Say No To GMOs! logo

Stray Seeds Had Antibiotic-Resistance Genes

By Colin Macilwain
NATURE [doi:10.1038/434548a]
March 29, 2005

Accidental release of genetically-modified crops sparks new worries.

Hundreds of tonnes of genetically modified corn seeds sold to farmers by mistake over the past four years contained a gene for antibiotic resistance, Nature has learned. The release of such genes into the environment is sometimes considered inadvisable, as there is a small chance that they could flow from crops to microorganisms and spread problems of antibiotic resistance.

The Swiss biotechnology company Syngenta admitted last week that it had accidentally released a variety of corn (maize) called Bt10 between 2001 and 2004. Like other crops with the name Bt, this corn had been genetically modified to produce a protective pesticide. But Bt10 has not been approved for sale by regulatory agencies.

Officials at the company last week argued that Bt10 is basically identical to Bt11 corn, which has been approved for sale (see Nature 434, 423; 2005). But this week, Sarah Hull, a spokeswoman for Syngenta, confirmed that a marker gene that confers resistance to ampicillin, a commonly used antibiotic, was present in the Bt10 seeds. She adds that this gene would not have been active in the corn plants that grew from the seeds.

Antibiotic-resistance genes are widely used as 'tags' during the production of genetically modified crops, to help breeders identify and preserve desirable strains. But the genes are often removed before the seeds enter the food chain. The presence of the marker gene in Bt10 corn was noted in a 2003 advice notice from a UK government committee, the Advisory Committee on Releases to the Environment, which was using Bt10 as a comparison to prove that there were no marker genes in Bt11 corn.

Critics have expressed surprise that neither Syngenta nor the US Environmental Protection Agency (EPA) announced the presence of the marker when they admitted that the release of Bt10 had taken place. "It is quite scandalous," says Greg Jaffe, head of the biotechnology project at the Center for Science in the Public Interest, a pressure group in Washington DC. "This shows that the government and the company are not being forthright."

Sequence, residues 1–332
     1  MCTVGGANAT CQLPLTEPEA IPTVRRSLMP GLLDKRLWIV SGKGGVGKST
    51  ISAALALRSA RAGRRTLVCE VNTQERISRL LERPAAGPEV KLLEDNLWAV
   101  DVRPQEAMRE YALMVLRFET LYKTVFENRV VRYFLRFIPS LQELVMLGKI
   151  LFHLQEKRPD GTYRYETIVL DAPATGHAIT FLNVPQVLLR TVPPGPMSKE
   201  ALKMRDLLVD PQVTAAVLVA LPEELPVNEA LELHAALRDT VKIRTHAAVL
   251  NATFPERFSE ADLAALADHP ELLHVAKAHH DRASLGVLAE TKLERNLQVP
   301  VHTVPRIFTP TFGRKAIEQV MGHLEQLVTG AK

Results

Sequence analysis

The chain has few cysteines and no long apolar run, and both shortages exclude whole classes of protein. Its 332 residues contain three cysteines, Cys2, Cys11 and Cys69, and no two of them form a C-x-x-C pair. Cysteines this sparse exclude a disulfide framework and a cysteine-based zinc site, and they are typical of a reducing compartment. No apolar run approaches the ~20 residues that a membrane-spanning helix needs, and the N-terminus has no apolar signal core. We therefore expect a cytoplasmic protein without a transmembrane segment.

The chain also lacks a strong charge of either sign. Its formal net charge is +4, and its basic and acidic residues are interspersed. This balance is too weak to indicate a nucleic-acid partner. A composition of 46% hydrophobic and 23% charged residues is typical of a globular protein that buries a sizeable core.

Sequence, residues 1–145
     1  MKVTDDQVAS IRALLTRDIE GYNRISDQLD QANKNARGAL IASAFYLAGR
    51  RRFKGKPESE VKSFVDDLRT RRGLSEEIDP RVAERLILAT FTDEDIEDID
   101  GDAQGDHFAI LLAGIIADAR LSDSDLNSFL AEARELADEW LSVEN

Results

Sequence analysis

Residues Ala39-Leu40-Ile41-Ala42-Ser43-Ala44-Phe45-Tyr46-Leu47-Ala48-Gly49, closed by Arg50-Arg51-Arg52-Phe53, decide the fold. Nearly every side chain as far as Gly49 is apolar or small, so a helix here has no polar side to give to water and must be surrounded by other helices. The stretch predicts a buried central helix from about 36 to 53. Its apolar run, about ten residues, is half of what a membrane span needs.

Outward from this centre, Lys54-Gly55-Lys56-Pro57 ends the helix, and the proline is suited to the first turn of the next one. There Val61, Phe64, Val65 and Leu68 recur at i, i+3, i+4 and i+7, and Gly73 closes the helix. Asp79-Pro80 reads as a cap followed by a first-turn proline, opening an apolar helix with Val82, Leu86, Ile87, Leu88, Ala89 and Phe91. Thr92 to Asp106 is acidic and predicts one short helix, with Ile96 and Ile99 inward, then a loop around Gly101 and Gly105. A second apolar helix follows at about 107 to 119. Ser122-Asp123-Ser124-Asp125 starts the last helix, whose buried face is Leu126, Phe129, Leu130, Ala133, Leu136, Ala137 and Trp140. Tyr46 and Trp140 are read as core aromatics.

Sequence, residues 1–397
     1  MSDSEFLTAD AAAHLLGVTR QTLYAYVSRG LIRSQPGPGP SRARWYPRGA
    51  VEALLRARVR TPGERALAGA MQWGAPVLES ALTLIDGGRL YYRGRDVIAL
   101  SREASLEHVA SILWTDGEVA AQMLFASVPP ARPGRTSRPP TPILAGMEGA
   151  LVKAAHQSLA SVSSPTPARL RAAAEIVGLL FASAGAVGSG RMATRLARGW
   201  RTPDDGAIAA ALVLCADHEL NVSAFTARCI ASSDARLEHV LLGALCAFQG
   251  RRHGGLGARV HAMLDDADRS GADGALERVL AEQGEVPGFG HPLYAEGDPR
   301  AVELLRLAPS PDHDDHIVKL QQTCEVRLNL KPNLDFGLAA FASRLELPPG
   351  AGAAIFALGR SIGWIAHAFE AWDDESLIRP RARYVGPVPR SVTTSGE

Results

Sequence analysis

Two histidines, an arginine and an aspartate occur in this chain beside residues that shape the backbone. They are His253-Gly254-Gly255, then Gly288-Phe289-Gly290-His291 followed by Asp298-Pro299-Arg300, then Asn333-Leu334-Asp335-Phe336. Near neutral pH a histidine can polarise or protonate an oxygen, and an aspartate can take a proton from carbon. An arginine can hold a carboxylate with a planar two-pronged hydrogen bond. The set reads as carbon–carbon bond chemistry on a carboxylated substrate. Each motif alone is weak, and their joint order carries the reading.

Hull says that the company didn't mention the gene's presence because "it wasn't relevant to the health and safety discussion". She adds that the antibiotic-resistance genes have been around for a long time. "They've been studied extensively, and they pose no risk to humans or animals," she says. Regulators say that the genes present a very small risk to human health, either directly - if in the stomach of a patient on antibiotics, for example - or indirectly through gene flow into microbes.

Michael Rodemeyer, director of the Pew Initiative on Food and Biotechnology, a think-tank in Washington DC, says that the presence of such genes would be unlikely to see a crop declared unsafe in the United States - but adds that it could cause problems in Europe.

In a ruling published last April, for example, the European Food Safety Authority, which advises European Union governments on food issues, said that marker genes conferring resistance to ampicillin "should be restricted to field trials and not be present in genetically modified plants placed on the market". And the Codex Alimentarius Commission, the international food-standards body, has urged the agricultural biotechnology industry to use alternative methods to refine genetically modified strains in the future.


Bootheel Farmers Gain Allies in Rice War

By Bill Lambrecht
Post-Dispatch Washington Bureau
March 24, 2005

WASHINGTON - The food industry and environmentalists joined Missouri rice growers this week in their fight to prevent a California company from sowing genetically modified rice in the Missouri Bootheel.

Unlike most genetically modified crops, this rice wouldn't be destined for dinner tables but for pharmaceutical companies, which would make drugs from proteins engineered into the grain. Farmers worry that the drug-bound rice would commingle with their edible crops - worth some $100 million each year - and make them difficult to sell.